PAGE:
BANKS are likely to drop industry-wide proposals for a deadline on PPI compensation claims to draw a line under the crisis, with Lloyds taking the lead, it emerged yesterday.
The biggest lenders have already set aside more than £12bn to pay back customers who were mis-sold the payment protection insurance, with the number rising every quarter as more claims than expected were lodged.
Analysts expect Lloyds to set aside anywhere up to an additional £1.4bn in its fourth quarter results today, on top of the £5.285bn already provided for. RBS yesterday put aside another £450m to cover the payouts, while last month Barclays increased its provisions by an additional £300m.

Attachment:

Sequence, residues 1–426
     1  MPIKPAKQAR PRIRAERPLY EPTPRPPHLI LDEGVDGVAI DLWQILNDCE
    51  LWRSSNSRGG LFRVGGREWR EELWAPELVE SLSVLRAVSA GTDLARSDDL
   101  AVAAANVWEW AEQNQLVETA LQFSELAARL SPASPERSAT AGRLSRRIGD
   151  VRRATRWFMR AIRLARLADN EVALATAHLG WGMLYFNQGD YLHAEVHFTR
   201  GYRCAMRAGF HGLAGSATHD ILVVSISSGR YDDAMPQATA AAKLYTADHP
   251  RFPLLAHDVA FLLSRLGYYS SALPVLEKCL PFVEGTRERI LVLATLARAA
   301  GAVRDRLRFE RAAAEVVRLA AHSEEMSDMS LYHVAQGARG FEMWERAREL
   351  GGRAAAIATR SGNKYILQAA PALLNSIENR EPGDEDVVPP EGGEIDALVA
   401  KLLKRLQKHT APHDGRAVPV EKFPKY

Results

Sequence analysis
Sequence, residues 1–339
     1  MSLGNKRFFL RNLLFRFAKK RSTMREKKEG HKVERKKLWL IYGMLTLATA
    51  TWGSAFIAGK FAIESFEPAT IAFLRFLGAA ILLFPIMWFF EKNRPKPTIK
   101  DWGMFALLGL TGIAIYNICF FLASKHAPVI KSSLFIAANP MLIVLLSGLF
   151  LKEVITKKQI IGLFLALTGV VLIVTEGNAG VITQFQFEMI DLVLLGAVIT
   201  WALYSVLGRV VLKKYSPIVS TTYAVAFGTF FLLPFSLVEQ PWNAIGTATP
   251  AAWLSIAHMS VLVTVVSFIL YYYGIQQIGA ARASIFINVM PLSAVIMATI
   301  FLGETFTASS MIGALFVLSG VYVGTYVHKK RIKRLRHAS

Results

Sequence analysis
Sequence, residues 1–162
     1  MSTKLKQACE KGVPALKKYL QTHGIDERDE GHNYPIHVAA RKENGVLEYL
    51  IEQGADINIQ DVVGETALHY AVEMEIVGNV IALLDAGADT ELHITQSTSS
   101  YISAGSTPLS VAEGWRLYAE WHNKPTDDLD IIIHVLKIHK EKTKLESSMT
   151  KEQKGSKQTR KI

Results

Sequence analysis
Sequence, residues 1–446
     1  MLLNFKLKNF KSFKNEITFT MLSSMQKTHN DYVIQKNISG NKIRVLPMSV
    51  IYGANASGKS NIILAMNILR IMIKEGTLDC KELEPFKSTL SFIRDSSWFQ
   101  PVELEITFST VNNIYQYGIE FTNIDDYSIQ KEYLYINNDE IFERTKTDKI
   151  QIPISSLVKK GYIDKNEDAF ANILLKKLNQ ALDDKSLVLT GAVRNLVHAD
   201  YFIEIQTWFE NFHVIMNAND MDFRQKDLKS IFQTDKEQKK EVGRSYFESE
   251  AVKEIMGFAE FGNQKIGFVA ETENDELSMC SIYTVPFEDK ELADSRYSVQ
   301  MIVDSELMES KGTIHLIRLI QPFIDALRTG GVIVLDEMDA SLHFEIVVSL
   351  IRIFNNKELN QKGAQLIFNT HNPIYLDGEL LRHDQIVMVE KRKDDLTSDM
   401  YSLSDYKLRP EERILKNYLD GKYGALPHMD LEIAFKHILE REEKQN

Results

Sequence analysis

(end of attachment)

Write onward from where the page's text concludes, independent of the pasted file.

Some banks had considered placing a deadline on claims to end the spiralling of costs and end the crisis.
But it is thought that the mood in the industry has moved against the idea, partly because it risks bad publicity of banks trying to avoid compensating customers they mistreated and partly because the flow of claims may at last be showing signs of easing, making ending the process less worthwhile.
The banks are also facing another mis-selling scandal after the Financial Services Authority ruled unsophisticated small firms had been wrongly sold complex interest rate swap products.
The biggest banks are expected to pay out around £2bn to the firms affected.